Yesterday I posted something about the
smutty erotic poetry of a young Canadian woman, Rupi Kaur, who has become quite popular with younger women and teen girls. A friend of mine’s 14-year-old relative asked for a copy of Kaur’s book Milk & Honey for Christmas. When the friend searched it out online and looked inside, she was shocked by the sexual content in it. It turns out that my friend’s young relative had no idea what was in the book, but had only seen it recommended on Instagram by a friend from Christian camp (!), and decided to put it on her Christmas list.
I posted about the book because it shocked me to learn that work like this is popular with teenage girls. In my day, it was Judy Blume, and boy, did we think we were racy then. I also posted a rave student review of the book from a high school newspaper in rural Hays, Kansas. The review gave no clue as to the explicit sexual content of the poetry. I wonder: is it just that unremarkable these days among teenagers?
A couple of folks on this blog said that Kaur’s book must not be that popular. After all, none of us have heard of it. Well, look at this story from The Guardian:
The “Instapoet” Rupi Kaur’s originally self-published collection Milk and Honey has sold more than half a million copies in the US and is into its 16th printing, according to its publisher.
Known as an Instapoet for the traction she gains online with her poetry that deals with violence, abuse and femininity, the collection was first self-published almost two years ago, in November 2014. It went on to top charts in North America and was snapped up by Andrews McMeel Publishing, which released its own edition in October that year.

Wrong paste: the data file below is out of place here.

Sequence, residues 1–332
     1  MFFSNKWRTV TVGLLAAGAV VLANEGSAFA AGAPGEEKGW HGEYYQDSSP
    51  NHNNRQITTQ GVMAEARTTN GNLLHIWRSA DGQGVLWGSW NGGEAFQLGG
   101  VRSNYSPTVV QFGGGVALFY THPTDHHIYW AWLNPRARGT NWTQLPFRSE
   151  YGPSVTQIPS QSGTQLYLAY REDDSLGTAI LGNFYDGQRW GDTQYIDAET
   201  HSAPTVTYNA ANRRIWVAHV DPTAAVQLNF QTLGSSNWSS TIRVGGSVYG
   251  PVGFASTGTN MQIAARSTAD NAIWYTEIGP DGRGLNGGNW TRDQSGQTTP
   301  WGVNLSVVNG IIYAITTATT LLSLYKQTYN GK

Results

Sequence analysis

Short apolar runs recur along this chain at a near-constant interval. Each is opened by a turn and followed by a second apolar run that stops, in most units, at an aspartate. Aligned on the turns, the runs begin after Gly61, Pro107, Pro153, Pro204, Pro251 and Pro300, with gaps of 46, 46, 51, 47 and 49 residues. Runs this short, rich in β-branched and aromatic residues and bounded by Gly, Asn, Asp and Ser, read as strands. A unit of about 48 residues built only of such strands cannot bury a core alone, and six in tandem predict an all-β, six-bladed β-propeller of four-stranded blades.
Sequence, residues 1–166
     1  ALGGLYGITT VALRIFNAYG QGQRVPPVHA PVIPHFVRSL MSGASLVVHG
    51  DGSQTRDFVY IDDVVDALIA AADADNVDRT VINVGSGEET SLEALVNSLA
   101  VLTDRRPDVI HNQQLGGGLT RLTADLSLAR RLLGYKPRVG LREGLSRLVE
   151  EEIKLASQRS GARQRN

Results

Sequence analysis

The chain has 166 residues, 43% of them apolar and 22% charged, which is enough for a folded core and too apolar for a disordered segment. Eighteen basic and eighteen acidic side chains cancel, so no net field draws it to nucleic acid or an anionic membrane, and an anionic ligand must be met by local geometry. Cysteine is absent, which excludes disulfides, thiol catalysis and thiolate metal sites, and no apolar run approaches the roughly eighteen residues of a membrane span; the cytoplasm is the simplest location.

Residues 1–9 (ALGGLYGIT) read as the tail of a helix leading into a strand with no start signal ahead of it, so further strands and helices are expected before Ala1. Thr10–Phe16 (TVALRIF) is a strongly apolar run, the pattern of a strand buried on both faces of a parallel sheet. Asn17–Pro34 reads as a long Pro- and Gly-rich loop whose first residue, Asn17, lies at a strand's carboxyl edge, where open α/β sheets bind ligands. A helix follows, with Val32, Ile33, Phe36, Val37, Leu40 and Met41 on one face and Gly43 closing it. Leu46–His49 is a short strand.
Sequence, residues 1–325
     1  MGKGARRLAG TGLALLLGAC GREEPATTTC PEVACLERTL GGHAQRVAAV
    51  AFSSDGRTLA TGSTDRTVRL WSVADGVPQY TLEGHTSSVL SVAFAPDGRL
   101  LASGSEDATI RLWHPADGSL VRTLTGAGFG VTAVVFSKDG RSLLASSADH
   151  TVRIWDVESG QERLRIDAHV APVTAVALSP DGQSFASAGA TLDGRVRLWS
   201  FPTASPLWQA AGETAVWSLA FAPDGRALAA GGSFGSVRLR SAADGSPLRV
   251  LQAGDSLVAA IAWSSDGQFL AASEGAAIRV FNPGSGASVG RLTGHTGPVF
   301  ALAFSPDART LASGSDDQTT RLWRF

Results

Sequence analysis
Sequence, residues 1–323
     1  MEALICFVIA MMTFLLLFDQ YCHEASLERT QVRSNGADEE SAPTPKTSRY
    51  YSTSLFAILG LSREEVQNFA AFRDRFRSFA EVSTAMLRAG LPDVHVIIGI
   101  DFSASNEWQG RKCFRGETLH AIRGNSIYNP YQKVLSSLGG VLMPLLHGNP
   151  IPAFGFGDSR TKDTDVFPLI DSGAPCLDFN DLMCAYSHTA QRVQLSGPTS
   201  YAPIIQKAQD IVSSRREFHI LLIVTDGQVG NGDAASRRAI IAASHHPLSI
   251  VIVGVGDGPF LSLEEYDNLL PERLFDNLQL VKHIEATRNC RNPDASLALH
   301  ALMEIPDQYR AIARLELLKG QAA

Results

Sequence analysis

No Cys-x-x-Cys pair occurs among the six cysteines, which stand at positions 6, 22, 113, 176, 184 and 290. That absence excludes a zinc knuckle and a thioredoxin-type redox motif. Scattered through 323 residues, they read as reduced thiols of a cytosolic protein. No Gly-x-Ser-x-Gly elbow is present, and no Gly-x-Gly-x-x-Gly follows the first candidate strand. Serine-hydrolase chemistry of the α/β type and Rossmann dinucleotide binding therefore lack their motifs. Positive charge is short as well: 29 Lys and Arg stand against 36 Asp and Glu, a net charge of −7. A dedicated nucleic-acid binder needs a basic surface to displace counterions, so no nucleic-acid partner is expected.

“We thought it would sell well, but the momentum of sales that took off in March this year was very exciting, especially when the book hit the New York Times bestseller list,” said publisher and president Kirsty Melville. “We have sold over half a million copies and are currently in our 16th printing.” Melville added that on average, a strong-selling poetry book would sell less than 30,000 copies a year.
That is not just a breathtaking number for a book of poetry, but a breathtaking number for a book, period.
The night out – which will mark Kaur’s 24th birthday – is rather fitting. This young poet from the suburbs of Toronto has fashioned a career out of forcing herself into places where she’s least expected; whether it’s the New York Times bestseller list or challenging social media to rethink how it sees menstruation.
It was the latter that catapulted Kaur into headlines in 2015. After Instagram banned a photo, published as part of a university assignment, showing Kaur lying in bed with her pyjamas and sheets stained with a small amount of menstrual blood, Kaur fought back. She pointed out the hypocrisy of being censored by a site that readily publishes photos of underage girls who are “objectified” and “pornified”. Followers flocked to her, cheering her on as she added, “I will not apologise for not feeding the ego and pride of misogynist society that will have my body in underwear but not be okay with a small leak.”
Kaur is a Sikh-Punjabi Canadian immigrant feminist, so she’s really got the full package. There will probably be entire college literature courses built around the poetry of Rupi Kaur. In fact, we’re almost there, says a story that calls Kaur “the voice of her generation”: